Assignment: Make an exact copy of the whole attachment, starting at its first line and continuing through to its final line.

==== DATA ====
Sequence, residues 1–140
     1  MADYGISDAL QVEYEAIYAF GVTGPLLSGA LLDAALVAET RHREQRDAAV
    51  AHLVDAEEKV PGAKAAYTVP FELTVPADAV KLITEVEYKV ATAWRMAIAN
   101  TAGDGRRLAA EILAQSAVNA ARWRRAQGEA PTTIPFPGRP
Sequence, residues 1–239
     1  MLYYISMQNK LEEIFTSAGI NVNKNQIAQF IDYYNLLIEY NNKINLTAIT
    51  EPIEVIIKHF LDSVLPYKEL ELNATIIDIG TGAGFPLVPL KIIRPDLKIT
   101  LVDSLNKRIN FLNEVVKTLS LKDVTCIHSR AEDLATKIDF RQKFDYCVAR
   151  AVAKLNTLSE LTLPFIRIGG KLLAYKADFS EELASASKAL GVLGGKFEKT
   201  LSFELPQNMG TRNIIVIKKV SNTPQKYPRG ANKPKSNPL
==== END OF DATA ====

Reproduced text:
Sequence, residues 1–140
     1  MADYGISDAL QVEYEAIYAF GVTGPLLSGA LLDAALVAET RHREQRDAAV
    51  AHLVDAEEKV PGAKAAYTVP FELTVPADAV KLITEVEYKV ATAWRMAIAN
   101  TAGDGRRLAA EILAQSAVNA ARWRRAQGEA PTTIPFPGRP
Sequence, residues 1–239
     1  MLYYISMQNK LEEIFTSAGI NVNKNQIAQF IDYYNLLIEY NNKINLTAIT
    51  EPIEVIIKHF LDSVLPYKEL ELNATIIDIG TGAGFPLVPL KIIRPDLKIT
   101  LVDSLNKRIN FLNEVVKTLS LKDVTCIHSR AEDLATKIDF RQKFDYCVAR
   151  AVAKLNTLSE LTLPFIRIGG KLLAYKADFS EELASASKAL GVLGGKFEKT
   201  LSFELPQNMG TRNIIVIKKV SNTPQKYPRG ANKPKSNPL